|Phonemic representation:||b, v|
|Position in alphabet:||2|
|Numerical (Gematria/Abjad) value:||2|
This letter's name means "house" in various Semitic languages (Arabic bayt, Akkadian bītu, bētu, Hebrew: bayiṯ, Phoenician bt etc.; ultimately all from Proto-Semitic *bayt-), and appears to derive from a Middle Bronze Age picture of a house by acrophony.
Hebrew Bet / Vet 
(c.1050 – 200 BCE)
(400 BCE – present)
(200 BCE – present)
(400 CE – present)
|Various Print Fonts||Cursive
Hebrew spelling: בֵּית
The Hebrew letter represents two different phonemes: a "b" sound (/b/) (bet) and a "v" sound (/v/) (vet). The two are distinguished by a dot (called a dagesh) in the centre of the letter for /b/ and no dot for /v/.
This letter is named bet and vet, following the modern Israeli Hebrew pronunciation, bet and vet (/bɛjt/), in Israel and by most Jews familiar with Hebrew, although some non-Israeli Ashkenazi speakers pronounce it beis and veis (/bejs/). It is also named beth, following the Tiberian Hebrew pronunciation, in academic circles.
in modern Hebrew the frequency of the usage of bet, out of all the letters, is 4.98%.
Variations on written form/pronunciation 
Bet with the dagesh 
Bet without the dagesh (Vet) 
Significance of ב, mystical and otherwise 
Bet in gematria symbolizes the number 2.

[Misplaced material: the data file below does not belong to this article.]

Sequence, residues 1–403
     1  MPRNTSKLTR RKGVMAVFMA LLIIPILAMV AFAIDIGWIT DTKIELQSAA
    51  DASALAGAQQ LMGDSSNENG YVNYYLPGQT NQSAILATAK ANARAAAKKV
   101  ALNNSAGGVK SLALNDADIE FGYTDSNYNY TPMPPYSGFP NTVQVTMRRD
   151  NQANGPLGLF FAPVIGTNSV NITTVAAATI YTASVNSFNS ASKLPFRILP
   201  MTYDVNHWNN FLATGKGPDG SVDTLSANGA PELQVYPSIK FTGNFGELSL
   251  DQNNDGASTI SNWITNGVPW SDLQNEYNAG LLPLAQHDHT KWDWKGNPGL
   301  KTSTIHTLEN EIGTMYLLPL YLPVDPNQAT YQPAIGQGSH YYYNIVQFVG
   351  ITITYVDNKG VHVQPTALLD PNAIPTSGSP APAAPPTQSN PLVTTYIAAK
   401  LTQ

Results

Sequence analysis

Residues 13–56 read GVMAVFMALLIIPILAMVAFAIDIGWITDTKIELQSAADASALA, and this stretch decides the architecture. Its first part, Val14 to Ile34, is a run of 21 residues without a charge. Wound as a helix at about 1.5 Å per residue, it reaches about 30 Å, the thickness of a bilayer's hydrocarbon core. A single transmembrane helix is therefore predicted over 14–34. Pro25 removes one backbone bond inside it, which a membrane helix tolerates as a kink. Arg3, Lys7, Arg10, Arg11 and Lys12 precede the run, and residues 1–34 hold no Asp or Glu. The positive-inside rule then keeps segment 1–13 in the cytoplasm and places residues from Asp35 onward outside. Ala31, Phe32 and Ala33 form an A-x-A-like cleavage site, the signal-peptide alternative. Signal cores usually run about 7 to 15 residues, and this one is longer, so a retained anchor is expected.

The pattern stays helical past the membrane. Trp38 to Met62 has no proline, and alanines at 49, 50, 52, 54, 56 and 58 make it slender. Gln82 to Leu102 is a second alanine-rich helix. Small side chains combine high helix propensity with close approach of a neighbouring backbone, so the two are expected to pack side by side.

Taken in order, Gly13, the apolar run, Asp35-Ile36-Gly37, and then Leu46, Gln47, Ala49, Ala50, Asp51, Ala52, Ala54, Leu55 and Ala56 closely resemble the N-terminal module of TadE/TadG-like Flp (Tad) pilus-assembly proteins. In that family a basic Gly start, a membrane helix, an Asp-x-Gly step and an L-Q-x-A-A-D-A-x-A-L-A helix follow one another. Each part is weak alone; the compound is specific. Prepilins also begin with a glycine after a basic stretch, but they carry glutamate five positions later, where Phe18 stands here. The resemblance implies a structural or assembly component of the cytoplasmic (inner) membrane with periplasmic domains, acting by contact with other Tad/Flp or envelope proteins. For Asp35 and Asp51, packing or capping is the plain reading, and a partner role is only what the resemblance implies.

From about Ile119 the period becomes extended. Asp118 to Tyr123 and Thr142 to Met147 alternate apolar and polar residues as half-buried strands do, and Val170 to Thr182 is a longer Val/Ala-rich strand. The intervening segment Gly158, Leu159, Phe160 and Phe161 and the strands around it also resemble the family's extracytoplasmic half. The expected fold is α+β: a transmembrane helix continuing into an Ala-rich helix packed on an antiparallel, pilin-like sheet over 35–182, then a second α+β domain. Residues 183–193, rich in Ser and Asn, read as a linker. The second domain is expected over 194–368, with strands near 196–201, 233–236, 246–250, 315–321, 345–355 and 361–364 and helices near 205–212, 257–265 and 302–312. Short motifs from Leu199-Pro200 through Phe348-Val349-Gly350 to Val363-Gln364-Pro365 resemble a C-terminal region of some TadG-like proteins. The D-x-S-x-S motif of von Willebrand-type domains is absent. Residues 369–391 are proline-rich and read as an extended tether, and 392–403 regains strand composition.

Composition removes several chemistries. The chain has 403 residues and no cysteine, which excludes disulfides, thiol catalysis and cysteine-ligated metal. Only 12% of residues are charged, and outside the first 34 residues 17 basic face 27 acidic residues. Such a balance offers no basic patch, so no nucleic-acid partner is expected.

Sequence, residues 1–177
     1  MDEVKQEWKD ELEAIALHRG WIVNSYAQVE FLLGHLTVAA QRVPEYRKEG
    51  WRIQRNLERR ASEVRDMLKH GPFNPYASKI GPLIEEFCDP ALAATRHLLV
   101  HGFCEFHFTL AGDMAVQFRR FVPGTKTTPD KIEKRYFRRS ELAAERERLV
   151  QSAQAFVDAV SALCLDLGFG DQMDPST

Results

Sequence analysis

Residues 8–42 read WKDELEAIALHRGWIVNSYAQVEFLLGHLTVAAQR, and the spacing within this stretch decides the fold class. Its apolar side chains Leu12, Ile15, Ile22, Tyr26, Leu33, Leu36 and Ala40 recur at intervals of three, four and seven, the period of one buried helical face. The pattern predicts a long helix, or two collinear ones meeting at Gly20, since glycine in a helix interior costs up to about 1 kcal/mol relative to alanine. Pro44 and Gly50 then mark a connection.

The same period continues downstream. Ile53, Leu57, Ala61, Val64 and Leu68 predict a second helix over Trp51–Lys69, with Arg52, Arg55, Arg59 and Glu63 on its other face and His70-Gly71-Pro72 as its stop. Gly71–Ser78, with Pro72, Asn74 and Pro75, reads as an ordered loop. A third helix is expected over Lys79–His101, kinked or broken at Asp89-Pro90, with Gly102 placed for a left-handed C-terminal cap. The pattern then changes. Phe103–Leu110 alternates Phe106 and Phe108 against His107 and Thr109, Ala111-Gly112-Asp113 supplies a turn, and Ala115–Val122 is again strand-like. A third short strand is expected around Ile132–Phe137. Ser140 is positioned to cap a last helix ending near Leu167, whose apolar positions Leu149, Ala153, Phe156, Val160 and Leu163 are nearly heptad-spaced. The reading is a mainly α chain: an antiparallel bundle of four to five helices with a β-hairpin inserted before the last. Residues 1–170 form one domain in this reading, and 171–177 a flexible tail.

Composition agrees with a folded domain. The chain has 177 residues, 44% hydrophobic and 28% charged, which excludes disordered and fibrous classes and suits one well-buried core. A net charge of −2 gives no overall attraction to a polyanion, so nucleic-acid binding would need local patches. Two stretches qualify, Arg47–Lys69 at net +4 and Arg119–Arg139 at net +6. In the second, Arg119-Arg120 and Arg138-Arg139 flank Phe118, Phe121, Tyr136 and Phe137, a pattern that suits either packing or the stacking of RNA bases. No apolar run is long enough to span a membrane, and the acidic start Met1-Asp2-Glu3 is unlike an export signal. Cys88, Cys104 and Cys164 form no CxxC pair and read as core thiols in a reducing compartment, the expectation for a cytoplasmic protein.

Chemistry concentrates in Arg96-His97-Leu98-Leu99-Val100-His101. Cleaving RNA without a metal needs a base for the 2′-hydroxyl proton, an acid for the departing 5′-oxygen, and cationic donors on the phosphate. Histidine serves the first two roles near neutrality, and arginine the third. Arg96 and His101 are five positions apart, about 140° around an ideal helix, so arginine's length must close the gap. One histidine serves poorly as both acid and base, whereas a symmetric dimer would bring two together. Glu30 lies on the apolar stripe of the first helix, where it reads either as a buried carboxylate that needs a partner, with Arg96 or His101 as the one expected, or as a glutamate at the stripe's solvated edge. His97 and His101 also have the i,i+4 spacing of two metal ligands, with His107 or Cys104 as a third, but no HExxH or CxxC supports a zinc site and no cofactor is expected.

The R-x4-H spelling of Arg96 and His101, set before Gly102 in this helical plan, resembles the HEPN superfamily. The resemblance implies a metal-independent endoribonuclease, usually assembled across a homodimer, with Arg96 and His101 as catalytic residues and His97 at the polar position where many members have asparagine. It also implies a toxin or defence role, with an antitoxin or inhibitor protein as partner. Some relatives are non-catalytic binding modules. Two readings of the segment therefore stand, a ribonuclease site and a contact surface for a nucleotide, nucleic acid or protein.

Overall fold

Rashi points out that the letter is closed on three sides and open on one; this is to teach you that you may question about what happened after creation, but not what happened before it, or what is above the heavens or below the earth.
Syriac Beth 
In the Syriac alphabet, the second letter is ܒ — Beth (ܒܝܼܬ). It is one of six letters that represents two associated sounds (the others are Gimel, Dalet, Kaph, Pe and Taw). When Beth has a hard pronunciation (qûššāyâ) it is a [b]. When Beth has a soft pronunciation (rûkkāḵâ) it is traditionally pronounced as a [v], similar to its Hebrew form. However, in eastern dialects, the soft Beth is more often pronounced as a [w], and can form diphthongs with its preceding vowel. Whether Beth should be pronounced as a hard or soft sound is generally determined by its context within a word. However, wherever it is traditionally geminate within a word, even in dialects that no longer distinguish double consonants, it is hard. In the West Syriac dialect, some speakers always pronounce Beth with its hard sound.
Beth, when attached to the beginning of a word, represents the preposition 'in, with, at'. As a numeral, the letter represents the number 2, and, using various systems of dashes above or below, can stand for 2,000 and 20,000.
Arabic bāʾ 
The Arabic letter ب is named باء bāʾ (bāʔ). It is written in several ways depending on its position in the word:
|Position in word:||Isolated||Final||Medial||Initial|
The letter normally renders /b/ sound, except in some names and loanwords where it can also render /p/, often arabized as /b/. (as in برسيل (Persil). For /p/, it may be used interchangeably with the Persian letter پ - pe (with 3 dots) in this case.
Character encodings 
|Unicode name||HEBREW LETTER BET||ARABIC LETTER BEH||SYRIAC LETTER BETH||SAMARITAN LETTER BIT|
|UTF-8||215 145||D7 91||216 168||D8 A8||220 146||DC 92||224 160 129||E0 A0 81|
|Numeric character reference||ב||ב||ب||ب||ܒ||ܒ||ࠁ||ࠁ|
|Unicode name||UGARITIC LETTER BETA||IMPERIAL ARAMAIC LETTER BETH||PHOENICIAN LETTER BET|
|UTF-8||240 144 142 129||F0 90 8E 81||240 144 161 129||F0 90 A1 81||240 144 164 129||F0 90 A4 81|
|UTF-16||55296 57217||D800 DF81||55298 56385||D802 DC41||55298 56577||D802 DD01|
|Numeric character reference||𐎁||𐎁||𐡁||𐡁||𐤁||𐤁|
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